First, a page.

So with that very varied background, and an American passport (which I am very proud of), I still have much history and sentimental ties to France. It’s where I essentially grew up, the language I grew up with, the country of the schools I went to, my first marriage, my first romances, the first boy I ever kissed, all were French. Instead of Elvis, I grew up with Johnny Hallyday and Charles Aznavour, Jacques Brel and Gilbert Becaud and Sylvie Vartan. (I just bought some of their old CD’s yesterday, and talk about a walk down memory lane!!! As I sang their songs to the CD’s, I felt l5 again!!! And I still remembered all the words!!!). It’s wonderful to preserve our cultures and history, to share them with our children, along with our traditions. There is something really heartwarming about preserving our history, and acknowledging that it is part of us.
For more than half my adult life now, I have lived in the States. I went to college there. I was also married there, my children are emphatically American (and make fun of me if I pronounce anything too ‘French’). I write my books in English….but I still write poetry for private purposes in French. It’s nice to have access to both worlds. In Europe people are still a little closer to their history, and its part of every day.
And even though I live in America, and am American (and proud of it of course), when I come back to Paris, it is still home to me, I have childhood memories here, the ‘best’ toy store in Paris is still the one I went to as a little girl, the night club/disco I went to at l6 is still one of the most popular today, generations of people have gone to the same restaurants I do, and the cafe where people sang ‘dirty’ songs when I was young is still popular among students now. There is a lot of history here, and I have my own history in Paris, a house where I lived in my teens, people I went to school with. It makes me nostalgic when I come here, and it’s hard to erase those memories, and why would we want to? In fact, I have history in both places, speak both languages equally, and whatever my passport says, my heart has a deep attachment to both cultures. And why not?? It only adds more texture and depth to your life, and enriches me and my children. More and more, Americans whose families immigrated to the States generations ago, are coming back to Europe to find their roots, meet distant relatives, and visit the places their ancestors came from. For me, having grown up in Europe and European culture, it is just that much closer. Someone said to me recently that Paris still feels like home to me. Yes, it does….but so does San Francisco. But Paris will always speak to my heart, I will always remember the things I loved here and find them easily. Things don’t change much in Paris, which I love. It’s always still there when I go back, and instantly feels like home again.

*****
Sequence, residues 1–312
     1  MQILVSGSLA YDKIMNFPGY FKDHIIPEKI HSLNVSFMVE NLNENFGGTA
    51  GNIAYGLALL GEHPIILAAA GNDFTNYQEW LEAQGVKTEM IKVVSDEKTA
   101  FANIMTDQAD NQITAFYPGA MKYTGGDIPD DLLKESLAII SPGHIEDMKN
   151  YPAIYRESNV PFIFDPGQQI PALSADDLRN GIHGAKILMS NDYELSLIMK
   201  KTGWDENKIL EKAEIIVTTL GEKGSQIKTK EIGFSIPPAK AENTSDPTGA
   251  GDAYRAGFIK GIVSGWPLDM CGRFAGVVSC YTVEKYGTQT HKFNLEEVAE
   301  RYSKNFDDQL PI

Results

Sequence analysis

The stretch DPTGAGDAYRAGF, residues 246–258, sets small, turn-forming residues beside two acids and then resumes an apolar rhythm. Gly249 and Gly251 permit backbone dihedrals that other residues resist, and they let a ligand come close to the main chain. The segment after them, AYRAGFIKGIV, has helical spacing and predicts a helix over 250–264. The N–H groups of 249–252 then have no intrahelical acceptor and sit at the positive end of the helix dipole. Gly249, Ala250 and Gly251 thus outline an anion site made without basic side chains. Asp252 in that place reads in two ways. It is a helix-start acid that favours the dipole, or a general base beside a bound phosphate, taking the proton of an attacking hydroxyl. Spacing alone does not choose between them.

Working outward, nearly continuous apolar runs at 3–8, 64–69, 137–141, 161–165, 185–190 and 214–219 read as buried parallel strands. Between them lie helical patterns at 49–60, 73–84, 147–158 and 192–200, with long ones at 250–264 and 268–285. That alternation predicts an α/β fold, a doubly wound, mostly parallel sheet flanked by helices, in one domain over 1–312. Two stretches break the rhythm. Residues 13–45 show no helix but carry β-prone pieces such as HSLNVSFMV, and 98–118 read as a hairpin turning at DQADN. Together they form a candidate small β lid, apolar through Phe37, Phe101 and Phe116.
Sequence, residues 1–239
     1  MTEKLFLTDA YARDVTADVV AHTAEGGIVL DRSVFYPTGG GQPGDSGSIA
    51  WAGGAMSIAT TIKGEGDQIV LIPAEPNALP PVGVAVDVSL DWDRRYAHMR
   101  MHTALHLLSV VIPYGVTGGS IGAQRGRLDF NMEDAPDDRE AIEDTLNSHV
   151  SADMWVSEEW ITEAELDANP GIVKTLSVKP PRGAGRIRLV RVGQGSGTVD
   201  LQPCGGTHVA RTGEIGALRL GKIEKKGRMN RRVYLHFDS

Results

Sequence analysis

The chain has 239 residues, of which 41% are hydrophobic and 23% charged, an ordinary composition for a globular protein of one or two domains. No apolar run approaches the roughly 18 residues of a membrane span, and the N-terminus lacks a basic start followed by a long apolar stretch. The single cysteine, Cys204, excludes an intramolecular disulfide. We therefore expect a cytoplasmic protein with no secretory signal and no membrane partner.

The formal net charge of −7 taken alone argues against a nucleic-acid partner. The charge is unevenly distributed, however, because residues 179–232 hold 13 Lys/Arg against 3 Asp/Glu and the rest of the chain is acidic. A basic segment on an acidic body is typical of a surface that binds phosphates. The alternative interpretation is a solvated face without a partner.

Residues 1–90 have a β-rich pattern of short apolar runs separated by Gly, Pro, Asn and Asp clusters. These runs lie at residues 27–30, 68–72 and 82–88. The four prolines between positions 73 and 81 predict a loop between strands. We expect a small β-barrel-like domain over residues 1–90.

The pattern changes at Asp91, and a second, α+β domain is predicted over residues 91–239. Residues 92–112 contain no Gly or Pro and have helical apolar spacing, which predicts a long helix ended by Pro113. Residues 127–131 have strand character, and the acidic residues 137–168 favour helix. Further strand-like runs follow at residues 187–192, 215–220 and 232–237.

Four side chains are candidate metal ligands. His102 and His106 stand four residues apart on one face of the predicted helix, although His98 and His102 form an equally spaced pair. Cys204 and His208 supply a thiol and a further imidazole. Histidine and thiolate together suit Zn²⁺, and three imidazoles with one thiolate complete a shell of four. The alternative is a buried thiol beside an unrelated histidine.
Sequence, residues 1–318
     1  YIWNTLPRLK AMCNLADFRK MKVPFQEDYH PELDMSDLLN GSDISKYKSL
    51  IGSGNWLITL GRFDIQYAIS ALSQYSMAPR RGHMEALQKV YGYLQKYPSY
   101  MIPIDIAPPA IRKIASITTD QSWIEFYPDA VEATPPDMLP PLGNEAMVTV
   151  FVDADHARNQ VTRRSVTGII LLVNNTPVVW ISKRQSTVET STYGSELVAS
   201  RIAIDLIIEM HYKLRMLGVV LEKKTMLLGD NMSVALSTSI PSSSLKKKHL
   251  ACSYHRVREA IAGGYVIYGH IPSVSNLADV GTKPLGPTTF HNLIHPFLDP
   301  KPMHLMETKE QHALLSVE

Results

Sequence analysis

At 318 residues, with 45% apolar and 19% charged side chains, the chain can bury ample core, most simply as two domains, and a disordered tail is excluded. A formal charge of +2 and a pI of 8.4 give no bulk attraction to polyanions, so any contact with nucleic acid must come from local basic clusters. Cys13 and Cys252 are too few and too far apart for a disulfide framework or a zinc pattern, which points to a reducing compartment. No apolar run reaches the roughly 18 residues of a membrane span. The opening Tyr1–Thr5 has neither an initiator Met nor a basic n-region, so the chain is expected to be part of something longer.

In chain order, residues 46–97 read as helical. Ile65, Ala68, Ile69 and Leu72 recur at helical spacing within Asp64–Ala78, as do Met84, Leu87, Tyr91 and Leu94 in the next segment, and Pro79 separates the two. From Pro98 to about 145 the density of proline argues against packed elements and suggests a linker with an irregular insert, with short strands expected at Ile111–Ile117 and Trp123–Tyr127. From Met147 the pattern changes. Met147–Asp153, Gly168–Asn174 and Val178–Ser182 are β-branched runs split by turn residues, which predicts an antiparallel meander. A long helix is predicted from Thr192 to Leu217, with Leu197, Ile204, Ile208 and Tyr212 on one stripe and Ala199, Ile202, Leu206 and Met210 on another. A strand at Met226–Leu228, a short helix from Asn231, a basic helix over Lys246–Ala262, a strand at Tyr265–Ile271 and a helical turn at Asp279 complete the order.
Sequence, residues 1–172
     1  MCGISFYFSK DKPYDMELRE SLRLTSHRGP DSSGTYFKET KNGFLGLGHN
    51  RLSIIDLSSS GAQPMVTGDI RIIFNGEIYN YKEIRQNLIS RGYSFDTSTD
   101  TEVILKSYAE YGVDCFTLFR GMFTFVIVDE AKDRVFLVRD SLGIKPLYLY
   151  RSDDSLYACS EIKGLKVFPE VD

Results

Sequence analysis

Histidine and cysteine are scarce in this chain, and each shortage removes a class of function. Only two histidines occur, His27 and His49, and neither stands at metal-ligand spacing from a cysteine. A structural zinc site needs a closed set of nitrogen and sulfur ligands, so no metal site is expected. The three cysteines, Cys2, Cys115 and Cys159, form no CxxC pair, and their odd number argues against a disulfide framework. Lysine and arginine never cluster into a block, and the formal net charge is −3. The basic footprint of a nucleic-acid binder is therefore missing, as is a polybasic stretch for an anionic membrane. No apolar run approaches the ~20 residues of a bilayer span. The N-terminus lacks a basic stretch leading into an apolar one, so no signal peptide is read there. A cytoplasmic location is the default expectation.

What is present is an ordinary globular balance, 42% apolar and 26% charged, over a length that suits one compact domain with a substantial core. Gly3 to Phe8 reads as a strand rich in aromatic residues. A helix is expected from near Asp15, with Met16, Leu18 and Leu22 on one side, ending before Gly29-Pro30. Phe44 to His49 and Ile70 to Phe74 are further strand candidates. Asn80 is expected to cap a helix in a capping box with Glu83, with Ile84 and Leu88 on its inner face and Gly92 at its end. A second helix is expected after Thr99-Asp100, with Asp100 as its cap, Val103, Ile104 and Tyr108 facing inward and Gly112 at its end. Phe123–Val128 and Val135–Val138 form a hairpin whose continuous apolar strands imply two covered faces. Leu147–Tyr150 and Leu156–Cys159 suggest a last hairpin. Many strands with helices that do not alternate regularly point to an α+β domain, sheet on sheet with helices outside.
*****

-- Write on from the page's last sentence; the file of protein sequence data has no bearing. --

I am always thrilled when I come back to Paris, there is no more beautiful sight than the Eiffel Tower lit up at night, or the Arc de Triomphe, or wandering through the beautiful gardens and parks, which for me are laced with memories of tender moments of my youth. The heart remembers what we thought we had forgotten. But it’s always there, just as it is for you, if you go back to your hometown, if you live somewhere different than where you grew up.
And I am always sad to leave Paris when I do, and a piece of my heart always stays there. It’s a hard city to leave, and an easy one to love.
In thinking about it, I was reminded of a line from the movie “Sabrina” with Audrey Hepburn, I think it was a quote from Gertrude Stein. She says that “America will always be my country, but Paris will always be my hometown.” I think that says what I feel. I will be leaving Paris tomorrow, to go back to my children in the States, and I will be happy to see them, and happy to be there…..but a part of my heart will always be here, in Paris. It’s wonderful having two cultures and two countries to love, and two great ones!!